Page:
My Crawford lineage has always been like putting together a jigsaw puzzle — trying to figure out how hundreds of pieces fit together. Many years ago, I wrote about dissecting these pieces in order to identify my line. At the time, I identified four James Crawford families that were in the same region of Kentucky prior to 1800.
- Rev. James Crawford (1752-1803) who married Rebecca McPheeters
- James Crawford who married Rebecca Anderson
- James Crawford (1772-1854) who married Sally Duggins in 1799 in Garrard County, KY
- James Crawford (1770-1833) who married Martha Knight in 1793 in Lincoln County, KY
I descend from Nelson G. Crawford (1808-1864) of Warren County, Indiana. Nelson is the son of James and Sally (Duggins) Crawford. James and Sally lived in Preble County, Ohio from about 1810 until their deaths after 1850. Besides Nelson, the household included a daughter, Polly, and Sarah’s two sons from her marriage to Alexander Duggins: Henry Duggins and William Duggins.
Also living in Preble County Ohio from about 1810 until the late 1820’s is the family of James and Martha Crawford. James and Martha, their children and Nelson G. Crawford migrate from Preble County Ohio to Warren County, Indiana where they purchase land in 1829.
The question has always been: how are these two James related?
DNA results may help with this puzzle. My brother’s yDNA test has shown a close relationship to a descendant of William N. Crawford. Unfortunately, the ancestry of William N. Crawford is currently unknown. I can’t place William N. Crawford as a descendant in my tree, nor can I place him as a descendant of James and Martha Crawford. However, recent Ancestry matches indicate a likely relationship to both men. The descendant of William N. Crawford share the following in a recent email:
maybe William N. was living with relatives. (in reference to 1850 census showing a William N. Crawford in household of William & Lutitia Crawford) [Ancestry – Year: 1850; Census Place: Pike, Warren, Indiana; Roll: M432_178; Page: 3B; Image: 319]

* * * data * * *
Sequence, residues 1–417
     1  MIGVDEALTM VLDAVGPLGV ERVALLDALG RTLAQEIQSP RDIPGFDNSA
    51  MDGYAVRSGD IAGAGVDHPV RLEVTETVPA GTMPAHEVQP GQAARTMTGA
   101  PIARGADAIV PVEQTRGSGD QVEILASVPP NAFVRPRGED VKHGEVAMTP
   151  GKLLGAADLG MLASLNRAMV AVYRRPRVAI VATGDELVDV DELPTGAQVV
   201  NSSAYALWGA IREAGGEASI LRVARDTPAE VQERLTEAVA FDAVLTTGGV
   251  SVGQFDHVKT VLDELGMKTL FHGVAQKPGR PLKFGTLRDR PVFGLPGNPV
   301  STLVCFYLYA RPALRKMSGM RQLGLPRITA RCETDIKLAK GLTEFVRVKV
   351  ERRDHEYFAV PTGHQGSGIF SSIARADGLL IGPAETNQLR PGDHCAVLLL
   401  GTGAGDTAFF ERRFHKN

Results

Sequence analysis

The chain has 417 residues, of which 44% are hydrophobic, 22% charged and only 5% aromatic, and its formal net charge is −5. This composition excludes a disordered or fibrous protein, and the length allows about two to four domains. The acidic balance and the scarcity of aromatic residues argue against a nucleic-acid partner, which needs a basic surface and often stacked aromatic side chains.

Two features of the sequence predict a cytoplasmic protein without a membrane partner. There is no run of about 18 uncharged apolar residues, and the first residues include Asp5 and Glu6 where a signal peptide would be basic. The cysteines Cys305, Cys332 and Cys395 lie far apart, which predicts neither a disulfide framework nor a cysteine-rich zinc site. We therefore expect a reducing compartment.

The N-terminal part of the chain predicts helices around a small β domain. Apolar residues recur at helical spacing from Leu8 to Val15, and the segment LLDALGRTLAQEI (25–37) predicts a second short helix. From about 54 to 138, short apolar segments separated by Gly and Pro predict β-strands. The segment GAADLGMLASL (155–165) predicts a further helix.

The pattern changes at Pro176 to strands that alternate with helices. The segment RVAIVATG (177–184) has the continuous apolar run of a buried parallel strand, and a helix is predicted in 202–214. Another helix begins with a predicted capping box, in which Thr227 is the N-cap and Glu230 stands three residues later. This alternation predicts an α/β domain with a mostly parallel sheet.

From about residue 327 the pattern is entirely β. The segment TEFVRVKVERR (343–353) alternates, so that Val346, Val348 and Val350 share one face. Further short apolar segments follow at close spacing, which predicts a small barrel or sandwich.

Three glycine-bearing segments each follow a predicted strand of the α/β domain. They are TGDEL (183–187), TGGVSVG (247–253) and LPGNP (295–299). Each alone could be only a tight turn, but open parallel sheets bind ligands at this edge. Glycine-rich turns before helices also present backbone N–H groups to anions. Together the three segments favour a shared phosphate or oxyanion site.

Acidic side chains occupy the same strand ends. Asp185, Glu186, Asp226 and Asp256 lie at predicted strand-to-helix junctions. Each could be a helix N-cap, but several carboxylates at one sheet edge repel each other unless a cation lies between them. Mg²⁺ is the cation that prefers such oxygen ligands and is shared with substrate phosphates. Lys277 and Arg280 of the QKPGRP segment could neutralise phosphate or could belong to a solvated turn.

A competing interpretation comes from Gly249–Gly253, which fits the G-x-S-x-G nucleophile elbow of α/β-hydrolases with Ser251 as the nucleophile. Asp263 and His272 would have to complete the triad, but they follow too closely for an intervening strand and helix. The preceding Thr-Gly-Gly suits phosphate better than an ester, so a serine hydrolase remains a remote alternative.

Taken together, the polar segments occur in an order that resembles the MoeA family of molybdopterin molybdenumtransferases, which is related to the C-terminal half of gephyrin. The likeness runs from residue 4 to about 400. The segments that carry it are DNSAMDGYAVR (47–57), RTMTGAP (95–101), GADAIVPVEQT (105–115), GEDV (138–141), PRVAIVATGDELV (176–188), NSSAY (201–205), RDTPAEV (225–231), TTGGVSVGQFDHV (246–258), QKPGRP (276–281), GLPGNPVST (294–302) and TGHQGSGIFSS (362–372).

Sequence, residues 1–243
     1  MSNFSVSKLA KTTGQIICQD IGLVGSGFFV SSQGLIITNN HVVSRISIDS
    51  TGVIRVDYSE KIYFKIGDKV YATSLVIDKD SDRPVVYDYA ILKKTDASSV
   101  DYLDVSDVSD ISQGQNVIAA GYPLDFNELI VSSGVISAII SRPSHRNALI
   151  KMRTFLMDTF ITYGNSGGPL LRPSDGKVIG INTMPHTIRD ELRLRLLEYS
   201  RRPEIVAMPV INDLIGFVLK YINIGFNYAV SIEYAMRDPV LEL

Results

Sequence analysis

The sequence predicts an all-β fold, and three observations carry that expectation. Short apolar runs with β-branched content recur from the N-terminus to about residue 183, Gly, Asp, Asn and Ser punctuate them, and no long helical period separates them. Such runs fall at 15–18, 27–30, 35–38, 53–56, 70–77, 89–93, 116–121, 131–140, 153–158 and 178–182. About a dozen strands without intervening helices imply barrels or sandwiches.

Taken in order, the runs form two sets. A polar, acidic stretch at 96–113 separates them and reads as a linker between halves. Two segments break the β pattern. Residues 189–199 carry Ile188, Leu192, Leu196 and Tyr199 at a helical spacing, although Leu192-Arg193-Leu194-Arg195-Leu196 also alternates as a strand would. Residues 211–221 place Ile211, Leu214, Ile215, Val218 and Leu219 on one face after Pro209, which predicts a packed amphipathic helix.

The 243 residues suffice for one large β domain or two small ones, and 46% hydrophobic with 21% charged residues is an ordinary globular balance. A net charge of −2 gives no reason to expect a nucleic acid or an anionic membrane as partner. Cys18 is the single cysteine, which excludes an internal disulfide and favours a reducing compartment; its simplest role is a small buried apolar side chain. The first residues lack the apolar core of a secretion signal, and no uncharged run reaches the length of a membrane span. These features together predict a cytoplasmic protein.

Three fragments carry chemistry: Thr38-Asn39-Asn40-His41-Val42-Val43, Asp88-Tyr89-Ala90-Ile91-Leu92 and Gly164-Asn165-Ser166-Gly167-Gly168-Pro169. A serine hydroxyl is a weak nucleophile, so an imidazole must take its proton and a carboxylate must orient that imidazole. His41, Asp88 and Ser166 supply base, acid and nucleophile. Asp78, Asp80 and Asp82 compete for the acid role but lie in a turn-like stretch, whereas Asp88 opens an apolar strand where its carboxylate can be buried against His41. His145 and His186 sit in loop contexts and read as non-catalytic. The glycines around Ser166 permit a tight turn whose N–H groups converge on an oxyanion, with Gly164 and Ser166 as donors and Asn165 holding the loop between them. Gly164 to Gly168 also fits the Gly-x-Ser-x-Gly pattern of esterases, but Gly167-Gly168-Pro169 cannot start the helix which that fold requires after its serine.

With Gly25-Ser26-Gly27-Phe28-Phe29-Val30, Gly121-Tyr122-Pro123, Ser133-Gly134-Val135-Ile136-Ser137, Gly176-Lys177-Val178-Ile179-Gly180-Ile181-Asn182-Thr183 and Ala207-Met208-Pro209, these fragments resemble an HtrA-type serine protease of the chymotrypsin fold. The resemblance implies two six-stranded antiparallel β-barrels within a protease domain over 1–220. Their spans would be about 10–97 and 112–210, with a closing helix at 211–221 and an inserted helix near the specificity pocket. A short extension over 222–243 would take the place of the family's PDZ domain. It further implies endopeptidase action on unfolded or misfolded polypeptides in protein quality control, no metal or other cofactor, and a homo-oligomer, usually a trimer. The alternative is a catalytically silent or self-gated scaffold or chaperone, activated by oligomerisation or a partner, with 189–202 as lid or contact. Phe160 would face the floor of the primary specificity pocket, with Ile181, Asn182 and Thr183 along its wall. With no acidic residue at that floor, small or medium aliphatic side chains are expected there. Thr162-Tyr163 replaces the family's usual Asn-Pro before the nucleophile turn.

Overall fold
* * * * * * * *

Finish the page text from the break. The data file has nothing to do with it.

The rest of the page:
Ancestry DNA has:
- One fourth cousin match to a descendant of James Crawford m. Martha Knight.
- Two matches to descendants of James Crawford m. Sally Duggins/Smith, Marcia and another distant cousin.
- Ancestry has also proposed his inclusion in a NAD circle with other descendants of Nathan Douglas Sellers (1797-1874). Three of whom are fourth cousins.
Not only was this DNA suggesting a relationship to both Crawford lines, it was suggesting a link to the SELLERS family. The James/Martha line has several ties to the SELLERS family but the James/Sally line has no known ‘direct line’ ties. (Henry Duggins, step-son of James Crawford, married Jane Sellers.) My AncestryDNA results also suggest a SELLERS link. Thus, we are beginning to think the SELLERS family might show how these puzzle pieces fit together.
While going thru my Crawford notes and looking for more documentation on Ancestry, I discovered that several researchers had a completely different name (Jane Jean) for the mother of James (md to Martha). Since I could not find this name on any of the documents I had collected for Crawfords in Kentucky prior to 1800, I decided to check Family Search to see what the ‘tree’ indicated. There I found another Crawford researcher who had made a correction on the tree changing the name back to Rebecca. I contacted this researcher to see if he could shed some light on where this other name came from. I have received several lengthy emails from him regarding our shared research.
He believes the ‘Jane Jean’ came from combining two James Crawfords. His Crawford research, along with the tree on Family Research, indicate that John Crawford was married to Rebecca (not Jane Jean) and was the father of James (md to Martha). According to Family Search, John Crawford was a brother to the James who married Rebecca Anderson. Thus, two of my original James Crawford families can be pieced together as uncle (James md to Anderson) and nephew (James md to Knight).
The puzzle is coming together, but I still can’t connect my piece (James and Sally) into a Crawford line.